I have a number of roll with the same history that are in canisters only and a lot more in their boxes and cellophane bricks of 10, all frozen. Hopefully the bricks have had less chance for moisture penetration - assuming thats part of the cause. Given this result was a little intermittent between the rolls, I am going to run a number of canister-only rolls of HP5, Delta 400 and FP4 through the camera with the lens cap on then develop them as a bit of a test on the remaining stock.
When you say 'canister only' do you mean that the films are still in their factory plastic canister, or that it's just the bare metal cassette?
Originally Posted by craygc
When I freeze film I make sure the plastic canisters are firmly closed, and then I put five of them each in a small ziploc bag, and then as many of those small ziploc bags that I can fit into a big one. Maybe I'm being overtly protective of my film, but it has worked for me for many years now.
"Often moments come looking for us". - Robert Frank
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"...the heart and mind are the true lens of the camera". - Yousuf Karsh
I'm not arguing with your theory too much. I think it does have merit. However, let me add to what I proposed and see if it makes sense.
Originally Posted by polyglot
There is a perception that film is always static. (Steady.) That is not always the case.
In dealing with moving film for fifteen years, I have learned that the idea of film always being flat isn't necessarily true. When cinema film is projected, we often have the perception that it lies flat in the gate and it always stays straight and true. Yes, it needs to run straight and true as it moves through the projector but, in reality film projection is a very dynamic process. The film does buckle, jitter and weave as it it advanced through the machine but the trick is to make sure that it buckles, jitters or weaves into exactly the same position each time the projector's shutter opens. As long as the viewer's eye (visual system) acquires a congruent image, frame to frame, he will perceive it as being steady and in focus even when it isn't.
In my hyptothesis, if the film was moving as it was advancing from one frame to the next, as it was being wound and rewound through a camera or if it was being loaded into its cartridge, the patterns of light and dark areas on the film could change. If the camera's sprockets were pushing against the film, it could cause a slight buckling around the sprocket holes which would cause the patterns to appear different.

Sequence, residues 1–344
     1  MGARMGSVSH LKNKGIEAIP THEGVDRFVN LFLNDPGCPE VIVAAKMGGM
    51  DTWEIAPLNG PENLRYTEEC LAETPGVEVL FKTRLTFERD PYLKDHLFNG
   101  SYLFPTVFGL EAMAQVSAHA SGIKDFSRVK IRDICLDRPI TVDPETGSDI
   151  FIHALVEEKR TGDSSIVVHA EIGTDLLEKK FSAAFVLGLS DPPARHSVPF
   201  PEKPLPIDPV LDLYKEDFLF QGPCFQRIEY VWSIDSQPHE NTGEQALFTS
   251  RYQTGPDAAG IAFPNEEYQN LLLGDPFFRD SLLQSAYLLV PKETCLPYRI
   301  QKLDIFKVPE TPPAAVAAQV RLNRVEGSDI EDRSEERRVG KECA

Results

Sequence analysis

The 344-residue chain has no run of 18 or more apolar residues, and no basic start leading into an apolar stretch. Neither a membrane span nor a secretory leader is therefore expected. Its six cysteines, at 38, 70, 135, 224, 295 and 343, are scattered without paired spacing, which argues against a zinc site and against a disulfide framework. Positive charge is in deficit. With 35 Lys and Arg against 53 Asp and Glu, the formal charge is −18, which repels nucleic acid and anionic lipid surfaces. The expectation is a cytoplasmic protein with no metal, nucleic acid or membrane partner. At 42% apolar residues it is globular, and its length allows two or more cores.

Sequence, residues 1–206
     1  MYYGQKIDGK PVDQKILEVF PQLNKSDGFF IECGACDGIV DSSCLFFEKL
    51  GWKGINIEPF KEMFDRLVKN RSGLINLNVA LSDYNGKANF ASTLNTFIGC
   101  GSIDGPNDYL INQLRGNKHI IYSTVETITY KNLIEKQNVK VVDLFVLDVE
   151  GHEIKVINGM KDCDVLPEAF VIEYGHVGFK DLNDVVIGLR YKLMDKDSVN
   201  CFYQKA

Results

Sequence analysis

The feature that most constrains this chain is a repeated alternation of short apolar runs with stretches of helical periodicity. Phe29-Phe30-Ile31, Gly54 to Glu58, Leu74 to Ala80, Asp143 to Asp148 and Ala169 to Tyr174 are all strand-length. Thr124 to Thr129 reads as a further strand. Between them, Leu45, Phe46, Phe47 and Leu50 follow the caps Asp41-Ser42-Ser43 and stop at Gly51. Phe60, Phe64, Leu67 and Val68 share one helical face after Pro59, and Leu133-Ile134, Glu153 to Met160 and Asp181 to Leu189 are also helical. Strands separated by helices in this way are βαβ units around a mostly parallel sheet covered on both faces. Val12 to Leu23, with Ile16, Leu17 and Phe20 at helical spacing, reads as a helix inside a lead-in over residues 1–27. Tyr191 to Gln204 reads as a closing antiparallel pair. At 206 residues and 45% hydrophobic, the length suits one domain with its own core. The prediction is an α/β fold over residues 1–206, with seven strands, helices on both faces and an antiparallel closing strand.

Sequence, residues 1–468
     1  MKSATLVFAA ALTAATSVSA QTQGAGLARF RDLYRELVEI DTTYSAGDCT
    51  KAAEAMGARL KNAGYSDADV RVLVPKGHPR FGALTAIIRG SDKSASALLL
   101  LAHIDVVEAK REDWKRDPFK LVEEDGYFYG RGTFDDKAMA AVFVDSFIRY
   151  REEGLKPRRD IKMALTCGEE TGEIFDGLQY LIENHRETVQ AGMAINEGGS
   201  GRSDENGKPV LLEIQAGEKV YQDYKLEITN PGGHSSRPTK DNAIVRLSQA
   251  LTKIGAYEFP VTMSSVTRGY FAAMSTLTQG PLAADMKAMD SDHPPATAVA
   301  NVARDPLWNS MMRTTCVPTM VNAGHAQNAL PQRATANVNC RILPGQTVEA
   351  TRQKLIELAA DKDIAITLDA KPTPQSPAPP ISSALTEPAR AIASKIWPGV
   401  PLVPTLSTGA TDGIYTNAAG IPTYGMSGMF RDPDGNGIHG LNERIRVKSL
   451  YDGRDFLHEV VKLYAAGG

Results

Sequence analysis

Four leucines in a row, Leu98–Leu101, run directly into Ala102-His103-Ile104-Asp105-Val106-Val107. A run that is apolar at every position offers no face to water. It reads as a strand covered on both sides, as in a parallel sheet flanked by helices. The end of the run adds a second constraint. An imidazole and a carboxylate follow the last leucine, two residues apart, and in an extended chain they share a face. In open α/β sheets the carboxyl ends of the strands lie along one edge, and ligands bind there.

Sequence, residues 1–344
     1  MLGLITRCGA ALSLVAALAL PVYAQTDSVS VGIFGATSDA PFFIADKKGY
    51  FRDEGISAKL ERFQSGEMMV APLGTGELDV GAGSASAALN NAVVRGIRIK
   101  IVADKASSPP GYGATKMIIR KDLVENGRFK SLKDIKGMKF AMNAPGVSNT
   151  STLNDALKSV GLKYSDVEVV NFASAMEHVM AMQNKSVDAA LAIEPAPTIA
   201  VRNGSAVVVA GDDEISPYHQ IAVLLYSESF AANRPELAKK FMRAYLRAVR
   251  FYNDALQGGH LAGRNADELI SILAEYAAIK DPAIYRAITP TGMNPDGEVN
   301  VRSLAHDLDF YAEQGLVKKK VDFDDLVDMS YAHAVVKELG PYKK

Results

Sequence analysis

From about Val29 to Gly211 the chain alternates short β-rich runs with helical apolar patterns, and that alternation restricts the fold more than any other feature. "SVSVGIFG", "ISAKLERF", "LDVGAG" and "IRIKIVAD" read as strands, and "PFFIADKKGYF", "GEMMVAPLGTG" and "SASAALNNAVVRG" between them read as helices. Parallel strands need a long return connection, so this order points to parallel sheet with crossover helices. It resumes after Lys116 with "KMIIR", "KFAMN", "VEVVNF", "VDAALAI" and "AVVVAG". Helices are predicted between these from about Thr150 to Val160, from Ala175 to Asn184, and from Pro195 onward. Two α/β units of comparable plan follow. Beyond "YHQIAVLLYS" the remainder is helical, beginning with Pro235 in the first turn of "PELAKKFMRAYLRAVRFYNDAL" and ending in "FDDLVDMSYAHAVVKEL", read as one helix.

In fact, when diagnosing projector problems, a good technician should look at the sprocket holes of the film to see if there is any damage. A malfunctioning movie projector will cause permanent damage to the edges of the sprocket holes but, even if it is not, there is still stress to that area.
In a still camera, there are pressure plates and different arrangements of the film aperture ("gate" or "trap" in the cinema world) which hold and transport the film differently but I still think it isn't always true to think that film is always static, regardless of whether it is a still camera or a cine camera.
While I do agree with your theory that this could be caused by some form of triboluminescence or or mechanoluminescence, I also see evidence that the markings were caused as the film was moving. I think our theories mesh in these respects.
On taking a close look at the latest 'enlarged scans you posted... it appears that there has been some 'double exposures' made. Observe the gentleman sitting at the board on frame 15... Below his hand... at chair level there seems to be an image of a partial right foot. Since I have little medical anatomy experience... I have to question from "where could this 'foot' have come. other than by double exposure. To my eye, the 'regular' surge type marks around the sprocket holes are another other 'mystery' that I will leave open to the conjecture of someone else with a 'better eye'. My guess is that this film has gone through the camera more than once... but the first time, perhaps somewhat underexposed, but not 'fully re-wound back into the casette. The ''regular pattern' of what we (or I) can observe... perhaps as a 'closed' shower curtain might (when 'added' to the evidence of 'the foot') indicate a previous 'trip' through your camera.